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Black Bean Stew with Poblanos and Faux Sour Orange

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Photo Kateryna Odyntsova

Kateryna Odyntsova

STRATEGY SESSION: Here’s another of those situations in which my job is to get out of the way and let the ingredients speak for themselves.  My sole strategic contribution lies in moderating the glycemic load. Black beans have a low glycemic index, but they are very carbohydrate-dense. Since GL is a function of GI and carbohydrate density (CD), I moderate the GL by adding components that are lower in CD  than the beans. The poblanos, onions and garlic all meet that requirement.

I’m a traitor to my roots, and I stand ashamed before the Cuban, Nicaraguan, and Dominican friends of my youth, whose mothers all cooked with sour orange (naranja agria). It’s just so hard to drag myself to the Hispanic market two towns over. So, like other corner-cutting cooks, I simulate it with a mixture of conventional orange and lime juices and zest. In the setting of this black bean stew, it’s good enough to evoke the memory of the real thing.

If you can’t face dried beans, you can substitute 3 cups canned black beans, rinsed and drained. Put them in a saucepan and start with step #2, but decrease the sherry, balsamic vinegar, and soy sauce by half and add a few tablespoons of water or vegetable broth. If the beans seem dry during the cooking process, add a little more water or broth.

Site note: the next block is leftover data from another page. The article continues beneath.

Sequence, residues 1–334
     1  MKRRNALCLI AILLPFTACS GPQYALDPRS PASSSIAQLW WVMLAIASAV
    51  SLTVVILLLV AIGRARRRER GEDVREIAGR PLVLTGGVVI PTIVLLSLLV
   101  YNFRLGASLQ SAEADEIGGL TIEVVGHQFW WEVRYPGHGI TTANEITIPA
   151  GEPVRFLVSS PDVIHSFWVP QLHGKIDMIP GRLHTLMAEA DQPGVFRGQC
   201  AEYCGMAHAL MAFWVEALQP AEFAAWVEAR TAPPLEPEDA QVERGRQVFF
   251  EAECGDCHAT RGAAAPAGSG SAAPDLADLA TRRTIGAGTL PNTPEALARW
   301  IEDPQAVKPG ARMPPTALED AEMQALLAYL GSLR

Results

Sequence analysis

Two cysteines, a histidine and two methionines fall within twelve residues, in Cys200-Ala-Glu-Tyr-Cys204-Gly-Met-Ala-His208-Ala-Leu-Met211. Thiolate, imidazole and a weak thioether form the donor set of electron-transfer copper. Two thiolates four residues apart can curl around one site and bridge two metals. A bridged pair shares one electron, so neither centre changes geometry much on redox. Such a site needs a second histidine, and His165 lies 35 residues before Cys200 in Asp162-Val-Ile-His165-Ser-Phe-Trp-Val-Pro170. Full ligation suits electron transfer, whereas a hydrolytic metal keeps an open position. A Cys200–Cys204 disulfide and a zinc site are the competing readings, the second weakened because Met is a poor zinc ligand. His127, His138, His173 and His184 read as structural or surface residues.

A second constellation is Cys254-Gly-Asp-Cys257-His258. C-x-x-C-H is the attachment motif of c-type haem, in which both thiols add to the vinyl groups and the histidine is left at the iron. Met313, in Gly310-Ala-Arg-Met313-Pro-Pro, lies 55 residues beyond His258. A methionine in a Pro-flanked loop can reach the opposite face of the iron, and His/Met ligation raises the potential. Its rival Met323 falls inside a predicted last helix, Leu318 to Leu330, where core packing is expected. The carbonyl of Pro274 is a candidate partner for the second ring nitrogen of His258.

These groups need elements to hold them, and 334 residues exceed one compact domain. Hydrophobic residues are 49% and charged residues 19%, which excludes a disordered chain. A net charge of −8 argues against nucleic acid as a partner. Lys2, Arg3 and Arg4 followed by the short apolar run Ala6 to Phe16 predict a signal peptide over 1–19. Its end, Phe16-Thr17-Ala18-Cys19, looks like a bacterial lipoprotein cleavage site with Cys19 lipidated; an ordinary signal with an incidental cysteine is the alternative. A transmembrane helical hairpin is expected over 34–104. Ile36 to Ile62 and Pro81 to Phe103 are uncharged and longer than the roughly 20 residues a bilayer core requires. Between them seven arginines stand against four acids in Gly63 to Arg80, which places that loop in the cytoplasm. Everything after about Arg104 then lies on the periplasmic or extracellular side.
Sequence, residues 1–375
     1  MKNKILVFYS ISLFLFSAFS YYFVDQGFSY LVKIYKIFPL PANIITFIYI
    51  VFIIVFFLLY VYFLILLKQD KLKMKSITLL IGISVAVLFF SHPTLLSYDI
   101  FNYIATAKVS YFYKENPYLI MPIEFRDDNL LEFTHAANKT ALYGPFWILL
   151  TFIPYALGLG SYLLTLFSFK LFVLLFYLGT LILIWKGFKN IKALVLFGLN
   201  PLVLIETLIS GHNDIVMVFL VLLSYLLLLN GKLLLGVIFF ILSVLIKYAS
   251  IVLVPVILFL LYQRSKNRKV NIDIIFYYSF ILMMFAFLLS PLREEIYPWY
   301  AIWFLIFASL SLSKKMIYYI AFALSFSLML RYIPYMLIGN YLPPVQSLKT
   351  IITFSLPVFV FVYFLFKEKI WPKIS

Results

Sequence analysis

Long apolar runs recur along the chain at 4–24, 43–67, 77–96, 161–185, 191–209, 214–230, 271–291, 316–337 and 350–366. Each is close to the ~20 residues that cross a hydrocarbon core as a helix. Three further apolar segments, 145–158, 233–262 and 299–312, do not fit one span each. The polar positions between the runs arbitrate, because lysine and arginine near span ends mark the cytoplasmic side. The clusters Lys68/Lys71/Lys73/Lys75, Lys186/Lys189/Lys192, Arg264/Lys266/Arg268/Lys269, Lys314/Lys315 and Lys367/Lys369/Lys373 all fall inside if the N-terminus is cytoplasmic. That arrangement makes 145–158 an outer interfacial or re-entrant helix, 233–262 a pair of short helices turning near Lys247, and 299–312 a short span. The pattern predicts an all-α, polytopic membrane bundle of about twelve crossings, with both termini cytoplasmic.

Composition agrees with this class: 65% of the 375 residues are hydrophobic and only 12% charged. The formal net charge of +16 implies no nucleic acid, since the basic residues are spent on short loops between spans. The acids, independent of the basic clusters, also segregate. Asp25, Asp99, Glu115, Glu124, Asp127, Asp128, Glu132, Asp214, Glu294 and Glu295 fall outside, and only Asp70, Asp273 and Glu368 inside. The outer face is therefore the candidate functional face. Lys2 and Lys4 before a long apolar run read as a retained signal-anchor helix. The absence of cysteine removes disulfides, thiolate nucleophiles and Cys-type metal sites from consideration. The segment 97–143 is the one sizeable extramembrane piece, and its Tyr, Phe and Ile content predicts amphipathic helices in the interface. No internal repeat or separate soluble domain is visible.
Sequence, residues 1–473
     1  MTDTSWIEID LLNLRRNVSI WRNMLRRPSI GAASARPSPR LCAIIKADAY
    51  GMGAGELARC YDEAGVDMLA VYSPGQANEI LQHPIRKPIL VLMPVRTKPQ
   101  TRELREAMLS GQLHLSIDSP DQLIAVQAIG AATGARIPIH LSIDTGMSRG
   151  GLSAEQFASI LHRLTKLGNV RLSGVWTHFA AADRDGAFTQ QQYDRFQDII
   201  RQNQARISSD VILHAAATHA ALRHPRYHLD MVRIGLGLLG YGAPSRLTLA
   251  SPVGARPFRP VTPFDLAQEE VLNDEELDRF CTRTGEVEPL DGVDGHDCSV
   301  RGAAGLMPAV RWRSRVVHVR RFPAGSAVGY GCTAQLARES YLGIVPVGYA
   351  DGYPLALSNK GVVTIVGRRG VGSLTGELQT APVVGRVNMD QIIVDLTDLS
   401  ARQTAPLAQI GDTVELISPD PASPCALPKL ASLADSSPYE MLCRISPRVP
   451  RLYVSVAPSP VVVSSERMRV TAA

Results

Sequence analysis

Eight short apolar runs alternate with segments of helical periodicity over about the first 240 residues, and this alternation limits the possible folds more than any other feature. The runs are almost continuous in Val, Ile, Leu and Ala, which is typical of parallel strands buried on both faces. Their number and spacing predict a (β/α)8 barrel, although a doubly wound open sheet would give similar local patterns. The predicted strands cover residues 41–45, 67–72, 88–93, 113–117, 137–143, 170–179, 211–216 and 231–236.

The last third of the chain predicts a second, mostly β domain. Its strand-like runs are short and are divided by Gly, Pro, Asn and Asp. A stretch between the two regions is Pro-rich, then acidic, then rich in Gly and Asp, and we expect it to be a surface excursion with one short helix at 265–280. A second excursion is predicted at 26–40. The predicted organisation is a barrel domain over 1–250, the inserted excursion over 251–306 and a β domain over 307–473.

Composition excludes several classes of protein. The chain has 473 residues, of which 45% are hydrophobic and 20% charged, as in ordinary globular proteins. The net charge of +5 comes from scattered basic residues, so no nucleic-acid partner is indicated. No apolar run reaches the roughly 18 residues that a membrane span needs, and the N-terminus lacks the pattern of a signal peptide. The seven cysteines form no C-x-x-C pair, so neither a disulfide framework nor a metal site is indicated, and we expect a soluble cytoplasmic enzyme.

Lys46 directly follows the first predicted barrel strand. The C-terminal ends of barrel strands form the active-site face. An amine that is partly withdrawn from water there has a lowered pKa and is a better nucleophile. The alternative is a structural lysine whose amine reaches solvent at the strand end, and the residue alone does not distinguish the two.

Serving suggestions: I’ve served these beans with a plain grilled chicken breast, grilled pork chops, and a mole-schmeared roasted turkey breast. I’m sure they would be tasty with grilled shrimp or other grilled seafood as well.

Black Bean Stew with Poblanos and Faux Sour Orange

  • ½ pound dried black beans, picked over and rinsed
  • 1½ cups chopped onion, divided
  • 4 cups water
  • ¼ teaspoon salt, plus more if desired
  • 2 tablespoons Amontillado sherry
  • 1½ teaspoons balsamic vinegar
  • 1½ teaspoons soy sauce
  • 1 tablespoon olive oil
  • ¼ teaspoon cumin seed
  • ½ teaspoon hot red pepper flakes
  • ½ cup chopped poblano pepper
  • 2 teaspoons minced garlic
  • ¼ cup orange juice
  • 2 tablespoons lime juice
  • 1 teaspoon grated orange zest
  • ½ teaspoon grated lime zest
  • Freshly ground black pepper
  • 2 tablespoons minced parsley or cilantro, optional
  1. Place beans in a medium saucepan. Add ¾ cup of the chopped onion, water, and ¼ teaspoon salt, and bring to a boil over high heat. Cover, reduce heat to low, and cook 1¼ to 1½ hours, until beans are just tender, or longer if a softer consistency is desired. (Cooking time varies with the age of the beans.)
  2. Stir in the sherry, vinegar, and soy sauce. Cook, uncovered, 5 minutes longer. Remove from heat.
  3. Place a large nonstick skillet over medium-high heat. When it is hot, reduce heat to medium and add the oil in a little pool. Do not spread it around. When the oil is hot, add the cumin seed and red pepper flakes to the pool. Cook 1 to 2 minutes until seeds start to darken, gently stirring without dispersing the pool. Spread the oil mixture over the entire surface of the skillet and add the remaining ¾ cup onion along with the poblano. Cook about 5 minutes, stirring often, until the onion is translucent and the pepper is tender. Add the garlic and cook 1 minute longer.
  4. Add the bean mixture, juices, and zests. Bring to a boil over medium-high heat. Reduce heat to low and simmer, uncovered, for 15 to 20 minutes, or until sauce has thickened and is no longer runny. Season with salt and black pepper to taste. Serve garnished with the parsley or cilantro.   

Makes 6 servings

Per serving: 167 calories, 3 g total fat, trace saturated fat, 0 mg cholesterol, 27 g total carbohydrate, 8 g dietary fiber, 8 g protein, 177 mg sodium

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